People leadership and management
Drawing upon examples from management activities undertaken in the seminars and/ or your experiences of team working in organisations, critically address the issues raised in the following quotation:
"...it is often believed that effective managers and problem solvers are born rather than made and have a kind of magical power to understand and transform the situations they encounter.
If we take a closer look at the processes used, however, we find that this kind of mystique and power is often based on an ability to develop deep appreciation of situations being addressed. Skilled leaders and managers develop the knack of reading situations with various scenarios in mind and of forging actions that seem appropriate to the understandings thus obtained."
- Morgan, G. (2006) Images of Organization, Updated Edition, Sage, Page 3.
As well as using examples from your observations and experiences of seminar activities and/ or your work environment, you should also utilise appropriate theory, concepts and readings to underpin your discussion.
Learning outcomes tested
- Understand the concept of leadership and management, and demonstrate sound knowledge and understanding of the concepts, theories and disciplines which underpin business and management and their selected sphere of study. For example, social systems and organisational culture; motivation and reward systems; Leadership; interpersonal behaviour; group behaviour, change management; and stress management. Engage in a systematic identification, analysis and evaluation of all the main variables in a wide range of relevant literature. Further, be able to integrate new knowledge with previous learning and experiences. (Knowledge Domain)
- Conduct research into subject specific leadership and management issues and gather and evaluate evidence/information from a range of sources. Produce a comprehensive, logical and tailored research methodological debate. Effectively undertake both primary and secondary research (Research Domain)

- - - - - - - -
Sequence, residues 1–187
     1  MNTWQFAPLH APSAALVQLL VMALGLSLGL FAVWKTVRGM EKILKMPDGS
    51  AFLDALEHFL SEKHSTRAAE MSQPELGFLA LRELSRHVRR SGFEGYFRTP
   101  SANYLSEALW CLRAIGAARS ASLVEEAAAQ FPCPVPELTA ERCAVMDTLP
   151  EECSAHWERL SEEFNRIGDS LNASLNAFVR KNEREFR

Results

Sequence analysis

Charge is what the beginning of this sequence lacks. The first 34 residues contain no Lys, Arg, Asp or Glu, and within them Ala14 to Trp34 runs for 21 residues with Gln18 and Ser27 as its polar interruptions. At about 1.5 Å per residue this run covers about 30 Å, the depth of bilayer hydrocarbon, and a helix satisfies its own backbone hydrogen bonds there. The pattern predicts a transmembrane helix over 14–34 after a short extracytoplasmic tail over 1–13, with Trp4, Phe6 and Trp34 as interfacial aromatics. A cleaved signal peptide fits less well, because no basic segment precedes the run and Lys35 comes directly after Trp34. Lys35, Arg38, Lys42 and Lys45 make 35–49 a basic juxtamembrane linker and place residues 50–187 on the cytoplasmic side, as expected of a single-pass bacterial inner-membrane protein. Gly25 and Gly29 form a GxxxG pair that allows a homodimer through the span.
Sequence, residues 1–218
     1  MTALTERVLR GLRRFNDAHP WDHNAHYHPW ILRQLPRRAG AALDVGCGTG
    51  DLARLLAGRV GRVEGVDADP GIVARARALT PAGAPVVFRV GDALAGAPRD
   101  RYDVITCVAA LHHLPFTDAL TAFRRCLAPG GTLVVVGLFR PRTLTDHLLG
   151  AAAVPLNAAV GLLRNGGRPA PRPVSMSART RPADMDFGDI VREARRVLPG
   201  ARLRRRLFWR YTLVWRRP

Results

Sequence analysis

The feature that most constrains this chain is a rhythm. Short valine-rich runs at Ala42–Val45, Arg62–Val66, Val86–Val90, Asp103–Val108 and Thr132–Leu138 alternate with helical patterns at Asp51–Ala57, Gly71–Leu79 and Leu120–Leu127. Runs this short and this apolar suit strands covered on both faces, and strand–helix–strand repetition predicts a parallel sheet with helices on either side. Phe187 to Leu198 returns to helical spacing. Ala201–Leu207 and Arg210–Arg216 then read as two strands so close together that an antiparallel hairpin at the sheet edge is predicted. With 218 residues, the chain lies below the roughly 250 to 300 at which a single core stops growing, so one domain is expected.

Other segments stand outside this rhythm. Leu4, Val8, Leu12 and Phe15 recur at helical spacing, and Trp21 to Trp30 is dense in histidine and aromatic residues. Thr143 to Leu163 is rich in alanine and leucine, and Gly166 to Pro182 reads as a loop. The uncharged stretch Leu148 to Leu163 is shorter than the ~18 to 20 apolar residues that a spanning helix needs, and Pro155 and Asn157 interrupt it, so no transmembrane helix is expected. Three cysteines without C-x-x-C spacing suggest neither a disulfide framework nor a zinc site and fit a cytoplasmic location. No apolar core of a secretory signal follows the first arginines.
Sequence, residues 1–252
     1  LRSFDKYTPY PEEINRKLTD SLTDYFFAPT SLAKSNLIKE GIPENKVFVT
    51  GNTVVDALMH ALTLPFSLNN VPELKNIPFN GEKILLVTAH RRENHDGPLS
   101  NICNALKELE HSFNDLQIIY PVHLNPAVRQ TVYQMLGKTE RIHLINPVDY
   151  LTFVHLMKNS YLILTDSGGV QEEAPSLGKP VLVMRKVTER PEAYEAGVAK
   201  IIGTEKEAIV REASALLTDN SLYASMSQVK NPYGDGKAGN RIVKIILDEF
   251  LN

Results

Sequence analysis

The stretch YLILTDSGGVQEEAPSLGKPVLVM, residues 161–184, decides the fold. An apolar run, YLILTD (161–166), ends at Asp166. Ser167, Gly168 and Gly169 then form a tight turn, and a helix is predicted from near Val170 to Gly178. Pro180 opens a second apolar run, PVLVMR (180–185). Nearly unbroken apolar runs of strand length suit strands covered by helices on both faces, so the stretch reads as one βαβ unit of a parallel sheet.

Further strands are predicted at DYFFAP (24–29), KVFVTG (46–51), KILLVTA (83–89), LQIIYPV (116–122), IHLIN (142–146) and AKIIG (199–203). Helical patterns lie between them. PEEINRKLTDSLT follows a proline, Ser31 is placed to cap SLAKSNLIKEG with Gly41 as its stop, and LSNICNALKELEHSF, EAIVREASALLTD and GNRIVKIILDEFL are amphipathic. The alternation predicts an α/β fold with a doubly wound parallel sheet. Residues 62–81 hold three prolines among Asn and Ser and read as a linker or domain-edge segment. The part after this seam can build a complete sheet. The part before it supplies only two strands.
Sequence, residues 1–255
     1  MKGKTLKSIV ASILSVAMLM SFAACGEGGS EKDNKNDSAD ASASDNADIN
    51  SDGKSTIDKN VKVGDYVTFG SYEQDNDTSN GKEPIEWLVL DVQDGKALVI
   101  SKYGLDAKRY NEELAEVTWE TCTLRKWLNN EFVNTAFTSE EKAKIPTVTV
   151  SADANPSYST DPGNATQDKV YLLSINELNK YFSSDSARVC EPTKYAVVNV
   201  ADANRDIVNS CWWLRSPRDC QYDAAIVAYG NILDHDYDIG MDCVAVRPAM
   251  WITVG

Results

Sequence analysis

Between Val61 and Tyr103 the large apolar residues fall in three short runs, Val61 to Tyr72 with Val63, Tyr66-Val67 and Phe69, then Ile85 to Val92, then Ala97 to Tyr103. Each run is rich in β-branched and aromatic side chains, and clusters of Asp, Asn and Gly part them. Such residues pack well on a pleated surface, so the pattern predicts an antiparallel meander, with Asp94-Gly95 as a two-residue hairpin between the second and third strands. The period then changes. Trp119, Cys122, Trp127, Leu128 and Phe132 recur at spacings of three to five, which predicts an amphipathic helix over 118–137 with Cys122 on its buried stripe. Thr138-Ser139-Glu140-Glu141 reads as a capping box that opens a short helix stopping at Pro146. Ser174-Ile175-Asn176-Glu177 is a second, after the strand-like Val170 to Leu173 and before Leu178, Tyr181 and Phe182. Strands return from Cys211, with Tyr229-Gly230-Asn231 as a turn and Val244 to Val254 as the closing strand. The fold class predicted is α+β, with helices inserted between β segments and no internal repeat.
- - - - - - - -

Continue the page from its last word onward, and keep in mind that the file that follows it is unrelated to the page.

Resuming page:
- Demonstrate cognitive skills of critical thinking, analysis and synthesis; and demonstrate the ability to analyse, synthesise and solve complex unstructured leadership and management problems in unpredictable contexts. Deal with complex issues both systematically and creatively, make sound judgements in the absence of complete data. Further, show high levels of personal judgement, interpretation and understanding - making explicit that there are elements of uncertainty and self regulation in critical thinking. (Critical Thinking Domain)
- Able to use established valid evidence to develop coherent, logical argument(s). There is consistent exposition of appropriate argumentation. Argument used as a tool to develop knowledge. The argument(s) constructed are fully persuasive exploring a wide range of complex leadership and management problems. The limitations of the argument will be clearly identified. The student will be able to offer well founded, cautious, personal interpretations - with original insights (Argument Development Domain)
- Demonstrate the ability to express complex and sophisticated ideas fluently and comprehensively at a high level. There is a high level of empathy with the intended audience. The communication style adopted complements argument development and critical thinking throughout. Able to communicate both orally and in writing, effectively and appropriately, using a range of formats and media. Communicate outcomes clearly to specialist and non-specialist audiences. Further, able to effectively communicate results of leadership and management research to peers. (Communication Domain)
A reminder of guidance on referencing and plagiarism
- How do you reference?
- Where do you reference?
- When do you reference?
- Referencing in the Text (In Text Referencing)
- Summarising the Work of Others
- The 1980 study of the speech of witnesses in Carolina court cases investigated whether gender and weakness or lack or power should be conflated in this way (Barr and Atkins, 1981)
- Paraphrasing the Work of Others
- Listing the Work of Others
- Direct quotes (Short)
- Direct quotes (Long)
There are a number of different methods of citing and listing your references or bibliography, but the accepted method of referencing used at University of Wales, Newport is the Harvard System of referencing.
Both references to sources acknowledged in the text and those works which have been of value (for example, for background reading) but which have not been specifically referred to in the text must be acknowledged in the bibliography.
You should reference other's work whenever you draw on it for inspiration, use it as support for a theory or argument, or use it for particular examples.